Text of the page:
The Freedom Hill Amphitheater is my new favorite local venue. The place looked fantastic and is a mini version of DTE Music Theater, which means a smaller lawn and not a bad seat in the house. The pavilion is fully covered and they even have a general admission pit in front of the seated area. The staff was very accommodating and this fact was even proven more when I saw a gentleman drop his beer and they called him over to give him another one for free. They have a wide selection of beverages and food including a margarita bar and healthy food options like salads and even hummus.
The venue was pretty packed by the time Clutch hit the stage and everyone stayed till the end to witness the onslaught of a live Clutch live performance. This particular evening was the second to last date of the Missing Link Tour. Lesser bands could of easily called it in from the wear of the road after 25+ shows, but not Clutch. Seasoned vets that they are, the band came out rocking right off the bat with "The House That Peterbilt" and never let up the entire evening.
Clutch bass player Dan Maines had to leave the tour the night before to get home to his wife who is having a baby, so Brad Davis from the band Fu Manchu stepped in. He learned a lot of the recorded material and did a great job. No new songs from the forthcoming Clutch album "Psychic Warfare" were performed this particular evening because the band didn't want to overwhelm Brad Davis with material that the band themselves are still learning to play live. But with a catalog of over 100 songs the band had no problem coming up with a 17 song set list. Nothing was played live from the first album, but fans of their second LP self titled "Clutch" were treated to "Escape From the Prison Planet" and "Spacegrass" on top of the opening song. Neil brought up the fact that the album is 20 years old this month. Having seen the songs played live myself 20 years ago, I can say with confidence that the songs sound just as fresh today as they did back then.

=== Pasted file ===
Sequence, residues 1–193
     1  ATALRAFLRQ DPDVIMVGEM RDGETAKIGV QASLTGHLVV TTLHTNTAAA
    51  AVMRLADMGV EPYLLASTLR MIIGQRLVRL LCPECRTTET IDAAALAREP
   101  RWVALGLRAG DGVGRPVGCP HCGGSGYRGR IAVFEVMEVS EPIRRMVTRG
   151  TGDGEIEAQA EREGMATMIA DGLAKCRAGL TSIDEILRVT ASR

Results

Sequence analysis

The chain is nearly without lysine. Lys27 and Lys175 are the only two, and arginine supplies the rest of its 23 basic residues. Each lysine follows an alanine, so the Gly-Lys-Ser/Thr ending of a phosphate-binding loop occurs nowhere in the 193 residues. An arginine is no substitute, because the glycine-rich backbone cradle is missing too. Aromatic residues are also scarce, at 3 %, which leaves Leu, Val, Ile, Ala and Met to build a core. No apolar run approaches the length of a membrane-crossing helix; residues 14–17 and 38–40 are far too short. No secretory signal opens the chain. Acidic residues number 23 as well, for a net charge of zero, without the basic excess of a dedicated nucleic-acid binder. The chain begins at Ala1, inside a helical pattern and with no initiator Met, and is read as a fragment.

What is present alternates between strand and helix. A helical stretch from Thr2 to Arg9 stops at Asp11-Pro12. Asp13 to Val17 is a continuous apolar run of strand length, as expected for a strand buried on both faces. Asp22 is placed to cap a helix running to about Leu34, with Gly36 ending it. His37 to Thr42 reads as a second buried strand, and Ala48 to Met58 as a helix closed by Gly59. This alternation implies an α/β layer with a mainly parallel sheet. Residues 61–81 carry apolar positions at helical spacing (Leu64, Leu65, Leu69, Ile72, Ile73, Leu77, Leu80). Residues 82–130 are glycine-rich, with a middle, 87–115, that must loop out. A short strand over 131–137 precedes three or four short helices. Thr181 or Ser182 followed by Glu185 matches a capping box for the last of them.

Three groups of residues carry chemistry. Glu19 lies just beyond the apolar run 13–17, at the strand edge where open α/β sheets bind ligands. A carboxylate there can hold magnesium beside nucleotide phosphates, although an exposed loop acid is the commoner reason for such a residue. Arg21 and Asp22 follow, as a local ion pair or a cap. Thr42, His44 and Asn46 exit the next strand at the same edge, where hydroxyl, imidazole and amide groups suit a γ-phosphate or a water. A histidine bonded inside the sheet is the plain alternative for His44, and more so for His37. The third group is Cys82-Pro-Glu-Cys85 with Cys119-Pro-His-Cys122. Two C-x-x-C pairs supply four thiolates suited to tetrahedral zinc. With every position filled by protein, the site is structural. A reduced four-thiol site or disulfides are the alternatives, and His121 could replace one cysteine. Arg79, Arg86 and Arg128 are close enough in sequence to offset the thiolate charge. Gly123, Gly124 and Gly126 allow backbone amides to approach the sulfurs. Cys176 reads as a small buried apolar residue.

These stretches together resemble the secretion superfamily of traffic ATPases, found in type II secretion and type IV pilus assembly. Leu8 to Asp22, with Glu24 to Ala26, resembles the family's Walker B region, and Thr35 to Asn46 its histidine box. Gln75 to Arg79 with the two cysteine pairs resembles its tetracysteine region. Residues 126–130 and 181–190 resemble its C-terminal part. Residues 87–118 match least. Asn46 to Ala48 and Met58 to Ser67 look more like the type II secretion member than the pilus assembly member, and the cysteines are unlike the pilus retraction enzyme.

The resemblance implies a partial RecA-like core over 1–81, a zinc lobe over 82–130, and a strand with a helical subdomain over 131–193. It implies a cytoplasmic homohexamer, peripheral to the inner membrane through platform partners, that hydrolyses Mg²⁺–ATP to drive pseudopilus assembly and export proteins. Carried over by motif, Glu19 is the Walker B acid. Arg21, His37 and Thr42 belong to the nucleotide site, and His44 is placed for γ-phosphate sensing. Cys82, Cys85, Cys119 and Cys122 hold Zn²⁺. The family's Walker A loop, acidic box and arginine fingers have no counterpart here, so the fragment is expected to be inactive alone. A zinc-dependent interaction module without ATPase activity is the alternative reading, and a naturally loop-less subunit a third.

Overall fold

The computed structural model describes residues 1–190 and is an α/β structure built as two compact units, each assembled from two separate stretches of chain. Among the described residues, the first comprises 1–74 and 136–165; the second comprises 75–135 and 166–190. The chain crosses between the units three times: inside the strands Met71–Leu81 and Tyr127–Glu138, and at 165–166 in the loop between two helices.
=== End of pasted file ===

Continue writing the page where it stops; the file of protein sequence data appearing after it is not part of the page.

Tracks from Clutch's vast discography were performed with a great intensity. Neil's voice was spot on and completely owned up to his distinct rock vocalist title. Drummer Jean Paul-Gaster made drumming look easy, but was laying down very impressive beats that only a technically gifted drummer could perform. I would often just stare at him during songs and smile at the ease he played. Guitarist Tim Sult was in his standard stage demeanor of looking down and playing his guitar. He may look shy playing, but his fingers are surely not. Tim deals the high-volume riffs that has made Clutch the band that they are today. Singer Neil Fallon picked up the guitar for some songs as well, including "The Regulator" and "Electric Worry". Both these songs had a swagger that had people swaying and dancing just as much as the other songs had the crowd head banging.
The band played several songs off their last release "Earth Rocker" from 2013 as well. They performed the title track "Earth Rocker", as well as "The Face","Crucial Velocity", "The Wolf Man Kindly Requests…", and "D.C. Sound Attack!". For "D.C. Sound Attack" Neil played the cowbell and the band also brought out Brent Hinds of Mastodon to play slide guitar. The band is not afraid to evolve and take chances musically and the fans respect that. I've seen many a live Clutch shows since the first time back in 1993 and the band has consistently delivered at every show.
Clutch currently has a bunch of Europe/UK tour dates on the schedule, but they also have select North American festival dates booked as well.
Clutch will be releasing their new album "Psychic Warfare" on their own Weathermaker Music label in September and should be around the Detroit area around that time to support it.
Clutch's Set List for the show:
The House That Peterbilt
The Mob Goes Wild
Profits of Doom
Pure Rock Fury
Escape From the Prison Planet
Unto the Breach
D.C. Sound Attack! (with Brent Hinds of Mastodon)
The Wolf Man Kindly Requests...
One Eye Dollar
Visit Clutch at their website: http://www.pro-rock.com/
Photos and review: Casey
Interview conducted by: Bree and Casey
|Photo by David McClister|
For most bands, the specter of the “sophomore slump” is daunting to say the least. Tame Impala, however, were nonplussed by any expectations created by their first LP “Innervisions”.
Backed by a flux of mind bending visuals, Tame Impala sounded polished.
New material like “Let It Happen” and “Eventually” sounded glorious, and they slightly reworked older jams like “Elephant” and “Be Above It”.
with Merchandise + Nothing
or maybe both if you send something worth the bonus
THIS FRIDAY (May 22): Shepard Fairey "Printed Matters" art show exhibition opening at Library Street Collective gallery
Los Angeles based artist Shepard Fairey has been in Detroit this week doing what he does best- ART. He has been painting what will be his largest mural to date, a 184-foot-wide by 60-foot-tall design on Dan Gilbert's Compuware Building.See in-progress photos of Fairey's mural here.